February 26, 2009


Milestones: 30 Years of Chandos. Chandos. $99.99.

     It is equally possible to be generous or curmudgeonly about this fascinating 30-CD set – and both reactions are equally valid. Chandos Records, the outstanding, independent classical-music label, has repackaged and re-released 30 of its CDs in celebration of its 30 years in business – a time that classical-music lovers worldwide should celebrate, since Chandos offers a great deal of unusual repertoire in mostly excellent performances that are very well recorded and generally presented with highly interesting background information.

     But the deserved high praise for Chandos the company does not necessarily translate into equally high praise for this handsomely packaged celebratory issue. One reason is that the 30 CDs appear to have been chosen more for the way they reflect on Chandos’ self-image than in any attempt to provide a comprehensive or carefully organized view of music in general – or even of the music that Chandos offers. Inside the substantial-feeling flip-top box are 30 CDs in individual sleeves, a short booklet listing the basic contents of all 30 and containing some comments by Chandos executives, and a 324-page book that a purchaser would likely expect to contain notes on the performances but that in fact is a Chandos catalogue, complete with price-code key – in British pounds. Notes on the performances are available as PDFs from the Chandos Web site, but given the fact that the notes are one of the things that have made Chandos special for the past 30 years, it seems odd to make Chandos enthusiasts – or newcomers to the label – do so much downloading if they want to read about the music and the recording artists.

     Actually, a little information does appear on each CD’s sleeve, but it is of the promotional sort: “This disc is a showcase for Collegium Musicum 90 and Simon Standage.” “This important disc of neglected French repertoire exemplifies Yon Pascal Tortelier’s remarkable tenure with the BBC Philharmonic.” “This disc is a testament to Richard Hickox’s memorable years at Bournemouth…” And so on.

     However – and it is a very big “however” indeed – once you get past the promos and the presentation disappointments, this box is filled to the brim with musical delights. Every single one of the 30 CDs has something to recommend it: sometimes unusual repertoire, sometimes an exceptional performance, sometimes a welcome insight into familiar music, sometimes an opportunity to explore pieces that only Chandos would have thought to issue. In this last category are the orchestral suite from Respighi’s Belkis, Queen of Sheba; three tone poems of war and the sea by Sir Charles Villiers Stanford; and music related to the novels of Louis de Bernières, best known for Captain Corelli’s Mandolin (although to understand the professed relationships, listeners will need those PDFs from www.chandos.net).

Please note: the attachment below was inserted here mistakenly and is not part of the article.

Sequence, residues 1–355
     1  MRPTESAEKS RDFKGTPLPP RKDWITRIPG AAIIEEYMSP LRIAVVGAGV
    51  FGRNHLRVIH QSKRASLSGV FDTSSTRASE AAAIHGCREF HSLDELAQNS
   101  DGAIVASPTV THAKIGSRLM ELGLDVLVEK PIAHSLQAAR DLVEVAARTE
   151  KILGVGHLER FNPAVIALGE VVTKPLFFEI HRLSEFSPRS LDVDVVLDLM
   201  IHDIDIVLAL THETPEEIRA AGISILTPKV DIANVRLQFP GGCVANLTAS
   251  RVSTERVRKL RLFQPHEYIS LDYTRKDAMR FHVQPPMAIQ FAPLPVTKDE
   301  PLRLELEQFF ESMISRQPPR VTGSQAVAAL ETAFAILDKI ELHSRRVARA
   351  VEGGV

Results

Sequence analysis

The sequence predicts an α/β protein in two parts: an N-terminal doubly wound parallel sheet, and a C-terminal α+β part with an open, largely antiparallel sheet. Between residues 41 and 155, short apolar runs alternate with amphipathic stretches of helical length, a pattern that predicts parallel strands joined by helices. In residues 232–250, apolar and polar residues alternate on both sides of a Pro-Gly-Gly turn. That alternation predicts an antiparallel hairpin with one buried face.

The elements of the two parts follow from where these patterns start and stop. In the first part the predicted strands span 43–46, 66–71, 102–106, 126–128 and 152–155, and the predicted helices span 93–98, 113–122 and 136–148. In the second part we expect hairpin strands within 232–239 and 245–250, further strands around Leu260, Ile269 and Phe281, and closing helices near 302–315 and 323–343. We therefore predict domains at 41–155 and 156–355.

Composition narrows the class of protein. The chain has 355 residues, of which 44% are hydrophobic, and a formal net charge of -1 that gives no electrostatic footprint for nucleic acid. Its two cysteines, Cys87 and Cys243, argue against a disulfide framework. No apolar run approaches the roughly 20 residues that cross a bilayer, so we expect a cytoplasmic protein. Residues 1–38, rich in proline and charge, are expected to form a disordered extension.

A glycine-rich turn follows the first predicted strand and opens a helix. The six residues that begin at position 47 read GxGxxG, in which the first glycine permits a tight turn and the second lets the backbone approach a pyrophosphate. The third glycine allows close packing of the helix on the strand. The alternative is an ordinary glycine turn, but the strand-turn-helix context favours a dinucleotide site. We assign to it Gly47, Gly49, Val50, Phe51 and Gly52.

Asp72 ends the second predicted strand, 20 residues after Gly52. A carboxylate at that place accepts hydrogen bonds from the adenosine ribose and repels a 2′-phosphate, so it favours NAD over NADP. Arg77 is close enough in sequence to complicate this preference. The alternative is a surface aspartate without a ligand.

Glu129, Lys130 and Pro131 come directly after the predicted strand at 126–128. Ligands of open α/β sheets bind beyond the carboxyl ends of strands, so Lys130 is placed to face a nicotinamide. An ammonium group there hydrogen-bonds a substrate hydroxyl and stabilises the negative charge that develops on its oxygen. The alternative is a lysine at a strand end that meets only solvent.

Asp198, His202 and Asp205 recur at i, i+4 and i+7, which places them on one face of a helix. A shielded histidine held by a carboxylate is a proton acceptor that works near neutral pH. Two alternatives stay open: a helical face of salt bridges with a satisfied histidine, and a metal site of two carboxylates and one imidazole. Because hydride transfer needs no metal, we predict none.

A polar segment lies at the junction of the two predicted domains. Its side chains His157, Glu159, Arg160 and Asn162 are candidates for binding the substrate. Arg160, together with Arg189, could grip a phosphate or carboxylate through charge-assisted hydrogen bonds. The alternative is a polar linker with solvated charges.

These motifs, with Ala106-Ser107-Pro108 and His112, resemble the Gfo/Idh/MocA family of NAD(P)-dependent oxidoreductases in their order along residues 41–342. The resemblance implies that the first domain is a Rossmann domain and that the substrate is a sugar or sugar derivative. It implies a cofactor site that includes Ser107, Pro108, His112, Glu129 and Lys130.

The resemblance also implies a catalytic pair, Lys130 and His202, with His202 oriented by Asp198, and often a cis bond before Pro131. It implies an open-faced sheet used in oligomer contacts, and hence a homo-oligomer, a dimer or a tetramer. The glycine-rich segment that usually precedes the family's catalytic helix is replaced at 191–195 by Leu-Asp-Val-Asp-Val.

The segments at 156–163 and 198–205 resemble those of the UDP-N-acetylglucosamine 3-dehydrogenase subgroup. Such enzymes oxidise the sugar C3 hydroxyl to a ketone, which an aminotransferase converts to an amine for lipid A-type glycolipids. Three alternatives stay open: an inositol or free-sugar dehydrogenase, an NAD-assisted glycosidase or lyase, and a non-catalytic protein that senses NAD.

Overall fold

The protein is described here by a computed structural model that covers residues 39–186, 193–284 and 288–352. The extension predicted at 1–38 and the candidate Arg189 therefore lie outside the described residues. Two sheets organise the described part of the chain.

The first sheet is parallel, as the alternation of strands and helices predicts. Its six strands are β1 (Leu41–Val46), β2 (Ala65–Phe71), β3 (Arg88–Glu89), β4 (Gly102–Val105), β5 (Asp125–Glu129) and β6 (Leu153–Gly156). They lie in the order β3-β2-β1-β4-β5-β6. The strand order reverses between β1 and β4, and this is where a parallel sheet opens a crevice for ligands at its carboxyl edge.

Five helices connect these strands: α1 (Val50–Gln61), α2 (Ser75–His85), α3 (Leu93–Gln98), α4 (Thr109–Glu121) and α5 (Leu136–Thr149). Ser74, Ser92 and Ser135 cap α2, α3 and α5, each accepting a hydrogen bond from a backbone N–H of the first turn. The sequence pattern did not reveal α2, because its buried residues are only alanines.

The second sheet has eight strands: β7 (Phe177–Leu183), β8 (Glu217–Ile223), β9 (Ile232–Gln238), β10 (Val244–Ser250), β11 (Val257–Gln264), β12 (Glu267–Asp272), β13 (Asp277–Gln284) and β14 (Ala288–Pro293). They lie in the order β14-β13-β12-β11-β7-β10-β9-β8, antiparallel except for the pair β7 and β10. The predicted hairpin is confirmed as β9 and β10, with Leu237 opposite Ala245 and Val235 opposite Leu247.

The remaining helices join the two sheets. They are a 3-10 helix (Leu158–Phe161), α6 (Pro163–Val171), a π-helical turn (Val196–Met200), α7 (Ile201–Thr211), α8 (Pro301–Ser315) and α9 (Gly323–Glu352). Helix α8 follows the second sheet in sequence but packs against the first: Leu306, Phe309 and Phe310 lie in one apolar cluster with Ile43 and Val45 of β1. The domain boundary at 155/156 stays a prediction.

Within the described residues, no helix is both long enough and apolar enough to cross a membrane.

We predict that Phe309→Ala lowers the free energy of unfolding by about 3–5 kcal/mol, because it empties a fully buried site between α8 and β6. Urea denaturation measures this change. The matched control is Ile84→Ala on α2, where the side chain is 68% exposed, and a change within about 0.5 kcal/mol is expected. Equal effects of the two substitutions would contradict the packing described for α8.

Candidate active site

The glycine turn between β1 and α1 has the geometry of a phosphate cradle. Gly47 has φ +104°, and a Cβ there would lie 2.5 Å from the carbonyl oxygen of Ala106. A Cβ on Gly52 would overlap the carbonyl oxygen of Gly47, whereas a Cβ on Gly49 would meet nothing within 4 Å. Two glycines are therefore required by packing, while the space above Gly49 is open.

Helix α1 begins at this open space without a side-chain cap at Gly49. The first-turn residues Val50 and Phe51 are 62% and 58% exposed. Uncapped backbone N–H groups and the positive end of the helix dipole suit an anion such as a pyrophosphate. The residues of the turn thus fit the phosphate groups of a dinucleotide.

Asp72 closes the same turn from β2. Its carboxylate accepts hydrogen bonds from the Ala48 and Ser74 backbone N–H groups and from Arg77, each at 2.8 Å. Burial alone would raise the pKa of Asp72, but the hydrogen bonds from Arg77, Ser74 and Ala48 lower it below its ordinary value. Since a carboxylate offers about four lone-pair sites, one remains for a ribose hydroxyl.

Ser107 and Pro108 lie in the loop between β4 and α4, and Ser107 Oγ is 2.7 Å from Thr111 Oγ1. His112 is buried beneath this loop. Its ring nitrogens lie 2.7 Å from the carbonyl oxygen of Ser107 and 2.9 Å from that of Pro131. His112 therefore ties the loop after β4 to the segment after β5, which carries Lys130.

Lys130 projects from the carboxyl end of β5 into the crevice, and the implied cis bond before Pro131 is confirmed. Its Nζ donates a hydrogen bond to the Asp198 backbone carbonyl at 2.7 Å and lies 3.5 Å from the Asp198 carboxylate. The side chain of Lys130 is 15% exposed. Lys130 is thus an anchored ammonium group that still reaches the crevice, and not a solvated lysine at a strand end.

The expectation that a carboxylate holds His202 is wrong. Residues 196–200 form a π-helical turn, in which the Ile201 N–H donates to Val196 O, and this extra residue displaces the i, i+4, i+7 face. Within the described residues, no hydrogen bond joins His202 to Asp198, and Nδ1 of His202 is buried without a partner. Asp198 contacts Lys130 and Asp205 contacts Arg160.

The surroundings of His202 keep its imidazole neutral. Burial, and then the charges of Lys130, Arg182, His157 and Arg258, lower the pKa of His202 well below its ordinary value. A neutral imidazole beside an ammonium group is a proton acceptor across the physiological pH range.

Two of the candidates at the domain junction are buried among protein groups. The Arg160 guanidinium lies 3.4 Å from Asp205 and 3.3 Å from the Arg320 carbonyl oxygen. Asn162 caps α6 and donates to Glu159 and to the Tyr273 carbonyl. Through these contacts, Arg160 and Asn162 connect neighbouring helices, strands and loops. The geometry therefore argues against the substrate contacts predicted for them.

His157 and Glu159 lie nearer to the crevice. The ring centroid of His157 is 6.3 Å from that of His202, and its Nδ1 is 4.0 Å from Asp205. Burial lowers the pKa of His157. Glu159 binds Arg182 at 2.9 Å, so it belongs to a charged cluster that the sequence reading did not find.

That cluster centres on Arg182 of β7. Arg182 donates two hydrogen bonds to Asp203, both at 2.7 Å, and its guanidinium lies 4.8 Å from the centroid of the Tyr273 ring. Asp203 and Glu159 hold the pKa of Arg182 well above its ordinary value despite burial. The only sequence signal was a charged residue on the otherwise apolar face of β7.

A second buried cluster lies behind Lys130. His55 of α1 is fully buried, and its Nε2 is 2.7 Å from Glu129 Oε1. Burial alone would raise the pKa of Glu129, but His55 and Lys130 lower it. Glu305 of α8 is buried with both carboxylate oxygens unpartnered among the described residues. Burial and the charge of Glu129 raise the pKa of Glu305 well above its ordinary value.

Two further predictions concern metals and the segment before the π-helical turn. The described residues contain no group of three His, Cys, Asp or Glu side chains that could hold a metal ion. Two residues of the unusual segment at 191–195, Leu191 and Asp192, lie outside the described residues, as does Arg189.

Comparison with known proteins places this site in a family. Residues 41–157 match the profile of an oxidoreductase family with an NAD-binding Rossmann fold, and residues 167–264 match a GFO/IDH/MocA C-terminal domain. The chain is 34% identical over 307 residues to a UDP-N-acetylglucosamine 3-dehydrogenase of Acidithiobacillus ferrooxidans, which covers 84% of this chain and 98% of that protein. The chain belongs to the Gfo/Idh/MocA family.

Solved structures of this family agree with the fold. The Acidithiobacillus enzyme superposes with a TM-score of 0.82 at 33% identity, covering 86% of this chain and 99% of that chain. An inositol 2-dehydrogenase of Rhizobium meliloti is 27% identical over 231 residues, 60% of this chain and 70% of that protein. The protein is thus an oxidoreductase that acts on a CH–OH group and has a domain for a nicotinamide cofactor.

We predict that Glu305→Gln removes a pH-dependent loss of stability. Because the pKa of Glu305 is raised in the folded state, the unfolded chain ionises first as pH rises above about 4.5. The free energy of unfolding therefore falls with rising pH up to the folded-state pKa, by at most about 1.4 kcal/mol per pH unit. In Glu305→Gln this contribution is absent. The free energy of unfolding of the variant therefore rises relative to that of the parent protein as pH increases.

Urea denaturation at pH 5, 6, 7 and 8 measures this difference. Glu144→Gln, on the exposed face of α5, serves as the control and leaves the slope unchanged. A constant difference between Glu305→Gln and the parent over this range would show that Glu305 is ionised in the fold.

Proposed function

Among the more familiar music here are Chopin’s Études, sensitively played by Louis Lortie; Holst’s The Planets in a bang-up rendition by the Scottish National Orchestra under Sir Alexander Gibson; and Tchaikovsky’s Symphony No. 5, played with knowing intensity by the Oslo Philharmonic Orchestra under Mariss Jansons – not a truly great performance, but a very interesting and convincing one. And then there are the vocal CDs, from Lili Boulanger’s Faust et Hélène and other works to Alexander Grechaninov’s Passion Week to highlights of Richard Strauss’ Der Rosenkavalier to a disc of – what else? – Handel’s Chandos Anthems. The unusual nature of Chandos’ commitment to classical music comes through in these individual CDs, and also in some ways in the overall structure of the 30-CD box: the three composers to whom two CDs are devoted are Shostakovich, Vaughan Williams and Hummel, and there is no Beethoven, Mozart, Haydn or Brahms to be found anywhere in the set.

     Milestones: 30 Years of Chandos turns out to be as quirky as the Chandos label itself. At just over $3 per CD, the set is a tremendous bargain compared to the cost of buying the same CDs one at a time. Even if a listener dislikes half the discs, the box is a bargain. But at whom is it aimed? It seems like an introduction to the Chandos label, but does not really succeed on that basis. People who already know Chandos and want to celebrate it will enjoy this set more than anyone else will. The lack of notes and the self-promotional aspects may be off-putting to others. And that is a shame, since Chandos, both in this set and elsewhere in its ever-growing catalogue, has so much truly excellent music to offer.

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